WASHINGTON -- America next week chooses a president. It may not choose a course for the nation.
The country nears Election Day 2012 divided and polarized over the two major party candidates, suggesting a close verdict in either direction and a refusal to coalesce behind one or the other.
President Barack Obama could be defeated, just four years after seizing the presidency with a solid majority amid a promise of hope and change.
Or, he could eke out a narrow victory. If the polls are a guide, he could win with a smaller margin than his first election, making him the first re-elected president to do that in nearly a century.
The division reflects the tepid state of the economy not growing fast enough to ensure an easy re-election, nor bad enough to guarantee defeat.
But it also reflects the age, a period of political drift since the end of the Cold War thats seen neither political party able to muster a solid, enduring majority, and an electorate prone to frequent dramatic swings.
Both of the major parties have aggravated the division. Their unprecedented flood of negative ads and attacks have been designed to court their own base of supporters, while further polarizing the country and likely leaving it just as hard to govern after the election as before.
Obama and the Democrats have pilloried Mitt Romney as a tax cheat, a liar and a possible felon. Romney and the Republicans have lambasted Obama as an incompetent and a socialist.
The economy looms over the political landscape, still the dominant issue four years after voters went to the polls with the nations finances in freefall, jobs disappearing, pensions shrinking, housing values plummeting.
It is coming back but slowly and unevenly.
The economy added 171,000 jobs in October, the 25th straight month of job gains. Yet the unemployment rate ticked up to 7.9 percent as more people re-entered the labor force to look for work. Since the 1930s, no president has faced the voters with a jobless rate that high.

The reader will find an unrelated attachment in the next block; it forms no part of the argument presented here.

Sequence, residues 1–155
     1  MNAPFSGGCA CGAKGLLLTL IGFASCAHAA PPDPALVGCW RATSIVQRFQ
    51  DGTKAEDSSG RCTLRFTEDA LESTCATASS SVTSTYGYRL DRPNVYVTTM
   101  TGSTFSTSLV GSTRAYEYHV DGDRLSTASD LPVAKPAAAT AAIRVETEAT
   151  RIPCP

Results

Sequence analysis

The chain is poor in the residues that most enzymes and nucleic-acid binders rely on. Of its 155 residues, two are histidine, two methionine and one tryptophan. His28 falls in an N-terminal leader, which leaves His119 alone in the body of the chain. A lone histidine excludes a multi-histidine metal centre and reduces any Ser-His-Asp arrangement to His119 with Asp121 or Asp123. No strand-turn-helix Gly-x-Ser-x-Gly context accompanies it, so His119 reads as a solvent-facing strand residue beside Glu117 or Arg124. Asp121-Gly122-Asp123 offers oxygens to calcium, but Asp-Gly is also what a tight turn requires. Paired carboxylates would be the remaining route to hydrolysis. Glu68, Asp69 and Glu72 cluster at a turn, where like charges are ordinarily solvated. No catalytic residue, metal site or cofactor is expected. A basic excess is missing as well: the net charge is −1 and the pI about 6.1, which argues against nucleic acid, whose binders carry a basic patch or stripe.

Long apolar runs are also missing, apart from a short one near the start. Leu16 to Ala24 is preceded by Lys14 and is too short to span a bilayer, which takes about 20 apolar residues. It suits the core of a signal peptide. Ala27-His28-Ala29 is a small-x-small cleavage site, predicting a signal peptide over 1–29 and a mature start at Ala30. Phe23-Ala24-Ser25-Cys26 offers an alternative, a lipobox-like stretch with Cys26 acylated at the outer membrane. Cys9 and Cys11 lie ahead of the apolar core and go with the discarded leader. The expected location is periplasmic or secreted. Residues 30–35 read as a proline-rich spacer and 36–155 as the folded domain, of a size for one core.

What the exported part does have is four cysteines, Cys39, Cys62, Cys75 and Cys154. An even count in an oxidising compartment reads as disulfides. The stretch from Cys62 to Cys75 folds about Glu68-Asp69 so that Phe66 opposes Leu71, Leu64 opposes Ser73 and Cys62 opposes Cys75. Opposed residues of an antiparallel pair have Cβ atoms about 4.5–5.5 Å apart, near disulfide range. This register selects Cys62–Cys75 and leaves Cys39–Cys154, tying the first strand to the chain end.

And only one has managed to win re-election with the rate above 7 percent.
Ronald Reagan prevailed in 1984 with unemployment at 7.2 percent, when the trend was steadily improving. Morning in America, his ads proclaimed, and people believed it.
Whether people feel things are getting better and how much better is key to whether Obama wins or loses. By several measures, they do feel better. But not great.
Its getting better, said Heather Atwood, a telecommunications worker from Las Vegas. Four years ago, I was upside down on two houses. Now Im coming out of it.
Shell vote for Obama.
Consumer confidence rose in both September and October, reaching the highest levels of the year.
Consumers were considerably more positive . . . with improvements in the job market as the major driver, Lynn Franco, director of economic indicators at The Conference Board, an independent business research group, said this week.
About four in 10 Americans say the country is headed in the right direction. Thats up a lot from one in 10 on Election Day four years ago, and from two in 10 the day Obama took office. But its not a majority.
And income is down more since the end of the recession than during it.
Business had kind of died, said Kevin Williams, a drywaller from Celina, Ohio, who has cut his crew from four to one and gets smaller jobs now. People are afraid to spend money."